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June 2010 Archive for Out to Pasture

RSS By: Steve Cornett, Beef Today

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Competition Rule Casualties

Jun 28, 2010

By Steve Cornett  

If you didn’t believe that the Obama administration meant to declare war on conventional agriculture, you should have been sitting in on the press conference when Agriculture Secretary Tom Vilsack and Dudley Butler, head of the Grain Inspection, Packers and Stockyards Administration (GIPSA), announced their proposed new rules governing producer-processor relations.

These guys plainly see themselves as champions of what the Obama administration does not want to call “the little people.”

The best thing about the proposal is that it is—at this point—harder on poultry than meat producers. This reporter has long argued that you can’t expect processors or consumers to pay a lot for beef when they can steal chickens.

I got a shot at two questions during the press conference and blew them both. I wanted the first to be why they felt these rather bold—draconian, I would call them—changes were needed, given the fact that no study has ever shown a significant problem with vertical integration in the beef industry.

That’s an easy one to dodge. They simply assert that the farm-retail spread is increasing at the same time the number of producers is decreasing. They—and a lot of cattle producers—presume a cause-and-effect relationship.

Phewie...if so, why is the number of poultry operations in the U.S. virtually the same today as it was two decades ago, since that industry is far more vertically integrated than the beef and pork industries?

I’ll tell you why, or you can go look at the study and figure it out yourself. That integration has made the poultry industry MORE profitable for producers. It has removed much of the risk. It has removed the boom-and-bust nature of open markets that farmer groups so love to despise during subsidy-setting sessions. It has put the risk on the integrator and rewarded him well enough to keep him pushing for more efficiency.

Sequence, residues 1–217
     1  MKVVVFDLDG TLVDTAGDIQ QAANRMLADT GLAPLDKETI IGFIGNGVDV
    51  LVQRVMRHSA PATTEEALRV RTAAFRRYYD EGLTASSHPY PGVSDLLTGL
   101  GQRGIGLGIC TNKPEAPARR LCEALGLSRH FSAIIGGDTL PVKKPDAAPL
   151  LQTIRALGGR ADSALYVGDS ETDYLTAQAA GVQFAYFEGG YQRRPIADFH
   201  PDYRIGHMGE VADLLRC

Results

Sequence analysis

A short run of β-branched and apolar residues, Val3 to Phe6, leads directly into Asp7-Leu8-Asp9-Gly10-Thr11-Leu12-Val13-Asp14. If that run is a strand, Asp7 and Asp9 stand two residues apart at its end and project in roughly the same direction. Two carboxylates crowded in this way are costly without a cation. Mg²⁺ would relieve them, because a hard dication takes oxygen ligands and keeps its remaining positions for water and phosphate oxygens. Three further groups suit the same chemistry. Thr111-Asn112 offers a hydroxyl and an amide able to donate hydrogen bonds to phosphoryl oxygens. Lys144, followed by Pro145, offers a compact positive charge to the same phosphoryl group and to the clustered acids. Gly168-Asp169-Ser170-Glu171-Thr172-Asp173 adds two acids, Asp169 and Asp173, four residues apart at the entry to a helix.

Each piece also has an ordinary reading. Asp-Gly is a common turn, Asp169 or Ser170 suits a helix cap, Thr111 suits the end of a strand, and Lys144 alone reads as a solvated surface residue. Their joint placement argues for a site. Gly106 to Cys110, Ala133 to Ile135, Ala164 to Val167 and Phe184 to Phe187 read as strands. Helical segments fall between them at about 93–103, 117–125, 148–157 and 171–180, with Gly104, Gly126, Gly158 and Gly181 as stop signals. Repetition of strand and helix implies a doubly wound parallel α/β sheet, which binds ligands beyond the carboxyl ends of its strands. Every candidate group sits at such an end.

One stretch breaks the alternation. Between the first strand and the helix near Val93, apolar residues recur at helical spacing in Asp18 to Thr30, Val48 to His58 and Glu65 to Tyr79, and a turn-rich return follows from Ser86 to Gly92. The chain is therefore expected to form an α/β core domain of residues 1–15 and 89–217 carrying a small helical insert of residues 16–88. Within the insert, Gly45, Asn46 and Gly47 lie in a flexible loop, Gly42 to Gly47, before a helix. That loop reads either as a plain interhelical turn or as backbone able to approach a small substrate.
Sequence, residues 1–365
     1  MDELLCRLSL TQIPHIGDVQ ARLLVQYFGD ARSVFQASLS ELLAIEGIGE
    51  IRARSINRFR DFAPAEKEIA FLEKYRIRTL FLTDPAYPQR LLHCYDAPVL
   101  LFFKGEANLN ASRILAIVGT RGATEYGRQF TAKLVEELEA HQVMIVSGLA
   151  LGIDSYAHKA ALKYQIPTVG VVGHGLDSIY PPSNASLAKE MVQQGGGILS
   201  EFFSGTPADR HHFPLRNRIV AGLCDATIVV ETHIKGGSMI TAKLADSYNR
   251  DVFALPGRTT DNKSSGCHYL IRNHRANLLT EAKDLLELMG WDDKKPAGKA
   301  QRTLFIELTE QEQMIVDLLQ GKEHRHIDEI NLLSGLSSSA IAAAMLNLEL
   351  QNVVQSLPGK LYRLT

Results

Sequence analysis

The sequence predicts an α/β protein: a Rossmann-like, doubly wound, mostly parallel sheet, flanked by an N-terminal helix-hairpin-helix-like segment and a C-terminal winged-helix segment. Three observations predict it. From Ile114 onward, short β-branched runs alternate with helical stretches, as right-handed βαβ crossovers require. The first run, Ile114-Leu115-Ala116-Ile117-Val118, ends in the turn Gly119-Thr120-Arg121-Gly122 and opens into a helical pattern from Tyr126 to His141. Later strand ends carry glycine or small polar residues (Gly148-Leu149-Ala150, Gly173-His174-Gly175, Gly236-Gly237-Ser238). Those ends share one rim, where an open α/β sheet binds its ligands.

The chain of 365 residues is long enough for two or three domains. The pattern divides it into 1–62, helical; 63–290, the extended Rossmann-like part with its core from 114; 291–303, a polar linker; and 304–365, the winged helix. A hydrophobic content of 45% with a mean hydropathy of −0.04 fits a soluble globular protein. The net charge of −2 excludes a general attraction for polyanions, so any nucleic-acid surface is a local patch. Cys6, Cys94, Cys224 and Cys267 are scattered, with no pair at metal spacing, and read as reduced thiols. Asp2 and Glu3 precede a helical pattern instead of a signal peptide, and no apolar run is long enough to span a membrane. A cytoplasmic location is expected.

Sure, there have been casualties among chicken growers. But not near as many as there have been among my friends in the cattle business.

My second question tried to get at why the comment period on the beef parts of this proposal would end a few days before—BEFORE, mind you—that scheduled GIPSA/Justice Department session on beef. I didn’t get an answer, probably because I’m so flubby of tongue in these public forums.

But it’s a darned good question, and I’ll tell you what the people smarter than me think. They think it’s because the Obama administration wants to do this in two steps: Apply these rules now and bring a ban on packer ownership of cattle and “captive supplies” after they hear from the populists who are even now planning to fill the seats at the hearing in Ft. Collins, Colo.

I know a lot of people want them to do that. For some small cattle feedlot owners, I can see why. If they can get Mr. Obama to outlaw the tools that allow big and connected feedlots to pay more for feeder cattle, they will be more competitive. I don’t like the taste that leaves in my mouth, but I can see the practicality of the argument.

What I don’t understand is why so many people professing to represent cow-calf producers are wanting to see it. Ranchers have put millions of dollars of those big guys’ equity in their pockets over the last few years.

According to Steve Kay, the top four feeders in the country—JBS, Cactus, Cargill and Friona Industries—feed almost 2 million head of cattle a year. That would be close to 40,000 feeder calves they buy each week.